Block on Trump's Asylum Ban Upheld by Supreme Court
That cup of coffee you're sipping right now at work could be setting you back financially. The average U.S. worker spends more than $1,000 a year on java -- on top of another $2,000 a year on lunch, a new survey finds.
In fact, the $3,000 a year that the average U.S. worker spends on lunch and lattes is twice as much as a worker typically spends on commute costs, the survey finds, according to Reuters.
But spending habits seem to differ by gender and by age. For example:
Male workers are more likely to dig into their wallets for lunch. Men spent $47 a week on midday meals, compared to $27 a week for women, according to the survey by Accounting Principles, a division of staffing-services company Adecco SA.
Younger workers spend much more on coffee and lunch than older workers. People 18 to 34 spent about $25 a week on coffee and nearly $45 a week on lunch. They may want to take a cue in thriftiness from their over-45 counterparts, who spent just $14 a week on morning joe and about $32 a week on lunch, the survey found, according to Fox Business.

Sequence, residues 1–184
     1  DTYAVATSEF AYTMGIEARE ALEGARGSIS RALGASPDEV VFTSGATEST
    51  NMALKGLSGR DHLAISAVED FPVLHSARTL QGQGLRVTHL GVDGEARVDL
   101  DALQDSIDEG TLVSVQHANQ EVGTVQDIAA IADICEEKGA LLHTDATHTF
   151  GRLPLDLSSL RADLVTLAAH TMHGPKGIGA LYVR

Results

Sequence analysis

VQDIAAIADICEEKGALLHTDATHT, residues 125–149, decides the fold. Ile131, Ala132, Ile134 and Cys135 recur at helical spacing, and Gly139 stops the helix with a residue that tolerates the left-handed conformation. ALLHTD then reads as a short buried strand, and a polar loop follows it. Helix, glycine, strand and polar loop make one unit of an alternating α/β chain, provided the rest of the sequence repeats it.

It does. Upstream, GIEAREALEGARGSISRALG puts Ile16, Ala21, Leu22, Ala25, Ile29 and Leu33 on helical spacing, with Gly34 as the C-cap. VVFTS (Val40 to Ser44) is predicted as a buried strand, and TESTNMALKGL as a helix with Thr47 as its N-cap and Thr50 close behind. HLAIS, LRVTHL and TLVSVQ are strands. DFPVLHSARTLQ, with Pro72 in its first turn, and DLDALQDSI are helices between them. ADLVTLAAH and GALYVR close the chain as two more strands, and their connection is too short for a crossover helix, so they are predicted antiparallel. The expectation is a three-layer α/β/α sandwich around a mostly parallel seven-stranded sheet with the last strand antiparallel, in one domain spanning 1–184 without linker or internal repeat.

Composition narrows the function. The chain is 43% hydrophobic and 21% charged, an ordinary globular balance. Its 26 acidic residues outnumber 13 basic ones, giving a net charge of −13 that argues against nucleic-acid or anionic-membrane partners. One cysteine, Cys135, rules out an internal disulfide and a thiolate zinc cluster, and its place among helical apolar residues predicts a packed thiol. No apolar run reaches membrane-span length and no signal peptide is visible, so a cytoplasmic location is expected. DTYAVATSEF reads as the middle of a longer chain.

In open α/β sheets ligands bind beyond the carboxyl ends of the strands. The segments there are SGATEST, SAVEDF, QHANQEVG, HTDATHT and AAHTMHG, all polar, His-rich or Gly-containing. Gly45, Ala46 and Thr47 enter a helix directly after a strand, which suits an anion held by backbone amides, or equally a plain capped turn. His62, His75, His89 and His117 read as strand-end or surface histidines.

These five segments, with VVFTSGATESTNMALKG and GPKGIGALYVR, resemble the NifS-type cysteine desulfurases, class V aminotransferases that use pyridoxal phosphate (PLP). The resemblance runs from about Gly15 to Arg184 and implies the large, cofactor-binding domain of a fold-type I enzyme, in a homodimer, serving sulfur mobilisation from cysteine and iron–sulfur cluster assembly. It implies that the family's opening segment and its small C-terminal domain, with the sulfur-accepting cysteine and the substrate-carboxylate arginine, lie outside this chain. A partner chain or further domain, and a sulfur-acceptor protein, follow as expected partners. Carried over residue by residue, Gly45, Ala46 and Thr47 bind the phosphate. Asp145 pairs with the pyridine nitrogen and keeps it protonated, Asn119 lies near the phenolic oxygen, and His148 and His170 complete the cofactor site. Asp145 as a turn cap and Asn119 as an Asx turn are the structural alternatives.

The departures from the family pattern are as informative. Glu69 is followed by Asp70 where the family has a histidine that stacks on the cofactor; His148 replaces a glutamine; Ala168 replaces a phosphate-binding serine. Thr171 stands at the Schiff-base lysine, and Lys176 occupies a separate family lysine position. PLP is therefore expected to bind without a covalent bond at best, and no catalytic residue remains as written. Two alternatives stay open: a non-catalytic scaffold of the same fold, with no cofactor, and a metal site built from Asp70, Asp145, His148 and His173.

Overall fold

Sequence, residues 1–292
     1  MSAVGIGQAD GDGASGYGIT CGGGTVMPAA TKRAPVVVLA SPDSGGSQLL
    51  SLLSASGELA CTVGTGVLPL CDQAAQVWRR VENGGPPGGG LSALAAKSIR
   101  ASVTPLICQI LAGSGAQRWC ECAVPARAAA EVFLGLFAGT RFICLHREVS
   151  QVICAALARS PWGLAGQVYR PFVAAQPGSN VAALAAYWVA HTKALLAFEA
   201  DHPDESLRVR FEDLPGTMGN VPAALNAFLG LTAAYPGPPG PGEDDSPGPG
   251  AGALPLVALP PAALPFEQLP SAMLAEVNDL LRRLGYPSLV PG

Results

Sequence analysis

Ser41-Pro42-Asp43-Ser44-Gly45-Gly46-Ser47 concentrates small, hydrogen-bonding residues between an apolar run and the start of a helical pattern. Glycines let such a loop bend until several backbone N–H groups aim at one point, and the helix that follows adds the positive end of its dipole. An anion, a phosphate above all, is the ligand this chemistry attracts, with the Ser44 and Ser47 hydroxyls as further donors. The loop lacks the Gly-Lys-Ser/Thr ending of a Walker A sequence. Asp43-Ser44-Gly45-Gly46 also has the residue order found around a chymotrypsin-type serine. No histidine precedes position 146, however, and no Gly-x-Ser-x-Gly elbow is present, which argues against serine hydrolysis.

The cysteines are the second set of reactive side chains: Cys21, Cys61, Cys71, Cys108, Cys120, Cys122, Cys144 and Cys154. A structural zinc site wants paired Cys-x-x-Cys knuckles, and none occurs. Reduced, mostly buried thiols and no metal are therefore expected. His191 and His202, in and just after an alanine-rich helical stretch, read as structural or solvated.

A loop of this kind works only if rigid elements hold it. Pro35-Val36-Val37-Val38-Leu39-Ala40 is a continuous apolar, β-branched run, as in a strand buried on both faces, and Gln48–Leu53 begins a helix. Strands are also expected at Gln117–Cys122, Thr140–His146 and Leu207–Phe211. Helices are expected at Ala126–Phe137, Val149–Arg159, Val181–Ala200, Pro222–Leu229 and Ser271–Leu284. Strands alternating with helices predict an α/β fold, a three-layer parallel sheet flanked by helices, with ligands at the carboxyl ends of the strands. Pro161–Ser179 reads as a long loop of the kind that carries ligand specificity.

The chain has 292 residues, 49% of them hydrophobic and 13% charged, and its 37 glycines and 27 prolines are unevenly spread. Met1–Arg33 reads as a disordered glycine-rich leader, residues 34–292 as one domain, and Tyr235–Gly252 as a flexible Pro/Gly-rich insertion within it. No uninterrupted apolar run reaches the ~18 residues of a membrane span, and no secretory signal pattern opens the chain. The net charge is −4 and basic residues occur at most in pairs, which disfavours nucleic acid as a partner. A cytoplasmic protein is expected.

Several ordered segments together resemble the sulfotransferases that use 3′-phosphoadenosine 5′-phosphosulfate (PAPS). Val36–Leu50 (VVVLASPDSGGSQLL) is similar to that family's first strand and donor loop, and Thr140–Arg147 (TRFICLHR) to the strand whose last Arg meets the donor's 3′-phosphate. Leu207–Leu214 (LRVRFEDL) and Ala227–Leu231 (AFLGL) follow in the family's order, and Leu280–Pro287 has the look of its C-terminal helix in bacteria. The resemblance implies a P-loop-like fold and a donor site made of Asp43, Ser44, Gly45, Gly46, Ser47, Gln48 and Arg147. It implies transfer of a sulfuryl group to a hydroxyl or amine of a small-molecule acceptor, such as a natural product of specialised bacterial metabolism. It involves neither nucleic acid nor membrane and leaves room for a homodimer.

Not all American workers are willing to sacrifice $3,000 a year for daily coffee and lunch indulgences, however. One-third of employed Americans are diligent enough to pack their lunches, and about one-half of U.S. workers don't buy coffee, according to the survey.
The coffee and lunch spending survey also revealed another difference between the sexes that has nothing to do with money: Men are far more likely to complain about the crummy selection in office vending machines, the study found.
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